My favorite character in John Moore
ís remake of The Omen is the Pope. I am not entirely sure which Pope it is, and it is more of a cameo role really, but every time the pontiff graced the screen, I knew why I liked this film so much. He first features in a brief conference scene. His cardinals (I presume) are concerned that a recent meteor shower is the final sign of the birth of the Anti-Christ, as predicted by the book of Revelations. These concerns are presented to the Pope in a multimedia display, with numerous screens airing a student film depicting scenes from the destruction of the Space Shuttle Columbia to September 11. In his second appearance, after hearing some disturbing news, the Pope drops his glass of red on the floor, while still in bed. I have never been to Vatican City, but I doubt this is how things go down. Yet, the filmís disconnectedness from the laws of reality, personified here by its treatment of the leader of the Catholic Church, got me. Richard Donner
ís original Omen was a pig in a cocktail dress, a silly story treated with undeserving earnestness. Here, John Moore tells it like it should be told.
Turns out the cardinals were on to something and the Anti-Christ is born. The unfortunate Anti-Joseph and Anti-Mary are Robert and Katherine Thorn (Liev Schreiber
and Julia Stiles
), the deputy to the U.S. ambassador to Italy and his young wife. When Katherine gives birth to a boy who dies just outside the hospital room, Robert accepts the offer of a priest at the hospital, taking in the childís place a baby boy whose mother died during labor and letting Katherine believe it is theirs. They name him Damien (cue choirs). After a bizarre explosion (so massive in scale it proves the devil doesnít pay for petrol) in which the U.S. ambassador dies, Robert takes the position and a promotion to the U.K. The family lives in British manor house bliss until, at a very public birthday for Damien (Seamus Davey-Fitzpatrick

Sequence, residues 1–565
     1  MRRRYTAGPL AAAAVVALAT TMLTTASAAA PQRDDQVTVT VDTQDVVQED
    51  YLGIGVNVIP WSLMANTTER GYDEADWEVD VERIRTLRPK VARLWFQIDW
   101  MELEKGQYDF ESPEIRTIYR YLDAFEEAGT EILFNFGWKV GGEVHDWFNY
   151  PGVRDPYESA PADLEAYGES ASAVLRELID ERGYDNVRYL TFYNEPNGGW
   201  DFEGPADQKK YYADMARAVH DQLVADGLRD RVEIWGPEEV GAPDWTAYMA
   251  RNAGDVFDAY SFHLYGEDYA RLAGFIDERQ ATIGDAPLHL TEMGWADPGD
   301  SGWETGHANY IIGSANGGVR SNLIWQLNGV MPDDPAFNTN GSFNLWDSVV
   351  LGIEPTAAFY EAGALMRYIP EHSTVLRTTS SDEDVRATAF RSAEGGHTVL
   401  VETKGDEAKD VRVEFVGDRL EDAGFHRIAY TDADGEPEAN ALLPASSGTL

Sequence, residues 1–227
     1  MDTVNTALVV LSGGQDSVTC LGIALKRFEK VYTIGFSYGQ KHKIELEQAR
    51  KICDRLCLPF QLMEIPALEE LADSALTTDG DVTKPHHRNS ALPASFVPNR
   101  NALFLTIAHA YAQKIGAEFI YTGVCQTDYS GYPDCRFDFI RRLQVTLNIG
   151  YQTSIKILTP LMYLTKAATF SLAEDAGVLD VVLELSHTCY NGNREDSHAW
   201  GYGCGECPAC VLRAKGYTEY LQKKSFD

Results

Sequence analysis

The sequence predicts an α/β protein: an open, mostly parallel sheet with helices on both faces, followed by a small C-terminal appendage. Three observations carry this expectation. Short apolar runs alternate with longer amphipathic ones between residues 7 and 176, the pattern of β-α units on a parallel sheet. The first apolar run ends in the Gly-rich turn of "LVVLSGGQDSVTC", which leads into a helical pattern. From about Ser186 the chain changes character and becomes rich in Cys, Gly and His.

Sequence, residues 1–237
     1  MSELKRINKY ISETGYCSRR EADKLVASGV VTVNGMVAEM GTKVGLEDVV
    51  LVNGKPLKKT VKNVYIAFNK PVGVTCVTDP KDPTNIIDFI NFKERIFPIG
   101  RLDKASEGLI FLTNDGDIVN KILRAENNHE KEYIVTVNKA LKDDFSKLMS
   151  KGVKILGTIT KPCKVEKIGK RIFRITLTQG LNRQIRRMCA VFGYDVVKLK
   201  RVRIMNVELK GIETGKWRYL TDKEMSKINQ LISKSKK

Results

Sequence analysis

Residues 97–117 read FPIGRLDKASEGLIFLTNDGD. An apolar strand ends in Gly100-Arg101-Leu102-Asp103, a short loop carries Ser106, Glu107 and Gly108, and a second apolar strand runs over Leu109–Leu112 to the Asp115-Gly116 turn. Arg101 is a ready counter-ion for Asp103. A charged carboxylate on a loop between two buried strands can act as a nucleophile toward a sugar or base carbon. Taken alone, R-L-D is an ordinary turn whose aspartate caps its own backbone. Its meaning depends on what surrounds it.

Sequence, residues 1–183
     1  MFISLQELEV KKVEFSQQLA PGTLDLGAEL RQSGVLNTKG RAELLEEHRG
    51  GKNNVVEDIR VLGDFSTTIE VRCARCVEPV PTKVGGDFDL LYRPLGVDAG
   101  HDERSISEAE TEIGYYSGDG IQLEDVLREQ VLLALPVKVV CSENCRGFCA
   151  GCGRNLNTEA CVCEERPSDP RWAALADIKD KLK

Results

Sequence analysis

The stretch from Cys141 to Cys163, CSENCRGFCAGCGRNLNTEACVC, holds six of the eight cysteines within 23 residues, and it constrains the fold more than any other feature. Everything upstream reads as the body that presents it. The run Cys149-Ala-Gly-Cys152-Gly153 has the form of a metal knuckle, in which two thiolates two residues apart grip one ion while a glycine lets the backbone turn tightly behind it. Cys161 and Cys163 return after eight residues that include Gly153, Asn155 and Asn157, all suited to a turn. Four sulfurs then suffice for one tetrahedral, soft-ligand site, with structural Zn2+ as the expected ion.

), his nanny hangs herself, shrieking, ďItís all for you!Ē From that moment forward the dangers of raising the Anti-Christ begin to obviate. The black dogs begin to bark, monkeys screech, priests prophesize and a very un-Doubtfire-like nanny, Mrs Baylock (Mia Farrow
), shows up to keep an eye on things. Article continues below
Moore doesn't stray widely from the path of the originalís narrative and most changes made are welcome. I liked seeing a bit of determination in Damienís face. I liked that Katherine was young and seemed to be suffering post-partum depression. A lot of the dialogue is admittedly laughable, and Pete Postlethwaite and Michael Gambon as over-caffeinated priests add to a sense of the ludicrous. However, this only compounds its The Omenís minor brilliance. Everything is overdone: Damien sleeps on red silk sheets; people at the party start running and knocking over tables when the nanny kills herself; an interview with an old crippled man is conducted outside in the snow. The horror scenes are equally flamboyant; Marco Beltramiís score may lack the originalís Latinized theme, but it kicks in to stunning and loud effect practically every time the lights go out.
Schreiber is good as the politician and after a shaky start Stiles communicates her anguish very well. But it is Farrow (next to the Pope, of course) who steals the show. Her Mary Poppins performance oozes subtle menace in every sweet grin and glittery eye. When she unleashes eventually, it provides for the filmís most exciting sequence Ė if you have dreamed for the day Rosemary would take on the Manchurian Candidate, dream no more. Though some critics might begrudge the film its directness, its loudness, perhaps its lack of class or cinematic restraint, I reveled in it. The story of Damien has always seemed a little stupid to me, and here Moore has matched the story with its telling. The result is fun, in a scary/jokey kind of way. I am not sure if John Moore is in on the joke heís telling in his remake of The Omen, but he tells it very well.